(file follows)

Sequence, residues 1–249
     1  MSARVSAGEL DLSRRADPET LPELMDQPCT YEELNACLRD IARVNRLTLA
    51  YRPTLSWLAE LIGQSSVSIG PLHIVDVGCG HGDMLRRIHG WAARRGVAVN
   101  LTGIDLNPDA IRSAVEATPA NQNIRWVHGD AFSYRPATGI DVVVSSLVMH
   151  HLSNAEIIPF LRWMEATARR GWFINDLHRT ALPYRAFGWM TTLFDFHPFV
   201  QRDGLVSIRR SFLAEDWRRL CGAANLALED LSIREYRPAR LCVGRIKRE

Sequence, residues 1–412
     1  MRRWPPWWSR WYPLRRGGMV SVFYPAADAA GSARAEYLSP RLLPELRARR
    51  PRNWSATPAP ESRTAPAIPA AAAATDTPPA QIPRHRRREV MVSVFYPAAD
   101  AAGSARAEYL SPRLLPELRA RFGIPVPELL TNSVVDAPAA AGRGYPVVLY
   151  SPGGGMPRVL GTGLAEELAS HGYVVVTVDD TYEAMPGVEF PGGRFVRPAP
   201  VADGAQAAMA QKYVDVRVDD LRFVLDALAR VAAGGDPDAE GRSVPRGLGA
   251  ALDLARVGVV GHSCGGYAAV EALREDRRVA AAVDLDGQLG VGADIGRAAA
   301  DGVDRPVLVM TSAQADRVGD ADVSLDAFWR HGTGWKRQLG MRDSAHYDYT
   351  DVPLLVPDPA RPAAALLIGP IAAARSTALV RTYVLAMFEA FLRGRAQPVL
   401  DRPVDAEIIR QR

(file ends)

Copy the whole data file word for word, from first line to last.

Sequence, residues 1–249
     1  MSARVSAGEL DLSRRADPET LPELMDQPCT YEELNACLRD IARVNRLTLA
    51  YRPTLSWLAE LIGQSSVSIG PLHIVDVGCG HGDMLRRIHG WAARRGVAVN
   101  LTGIDLNPDA IRSAVEATPA NQNIRWVHGD AFSYRPATGI DVVVSSLVMH
   151  HLSNAEIIPF LRWMEATARR GWFINDLHRT ALPYRAFGWM TTLFDFHPFV
   201  QRDGLVSIRR SFLAEDWRRL CGAANLALED LSIREYRPAR LCVGRIKRE

Sequence, residues 1–412
     1  MRRWPPWWSR WYPLRRGGMV SVFYPAADAA GSARAEYLSP RLLPELRARR
    51  PRNWSATPAP ESRTAPAIPA AAAATDTPPA QIPRHRRREV MVSVFYPAAD
   101  AAGSARAEYL SPRLLPELRA RFGIPVPELL TNSVVDAPAA AGRGYPVVLY
   151  SPGGGMPRVL GTGLAEELAS HGYVVVTVDD TYEAMPGVEF PGGRFVRPAP
   201  VADGAQAAMA QKYVDVRVDD LRFVLDALAR VAAGGDPDAE GRSVPRGLGA
   251  ALDLARVGVV GHSCGGYAAV EALREDRRVA AAVDLDGQLG VGADIGRAAA
   301  DGVDRPVLVM TSAQADRVGD ADVSLDAFWR HGTGWKRQLG MRDSAHYDYT
   351  DVPLLVPDPA RPAAALLIGP IAAARSTALV RTYVLAMFEA FLRGRAQPVL
   401  DRPVDAEIIR QR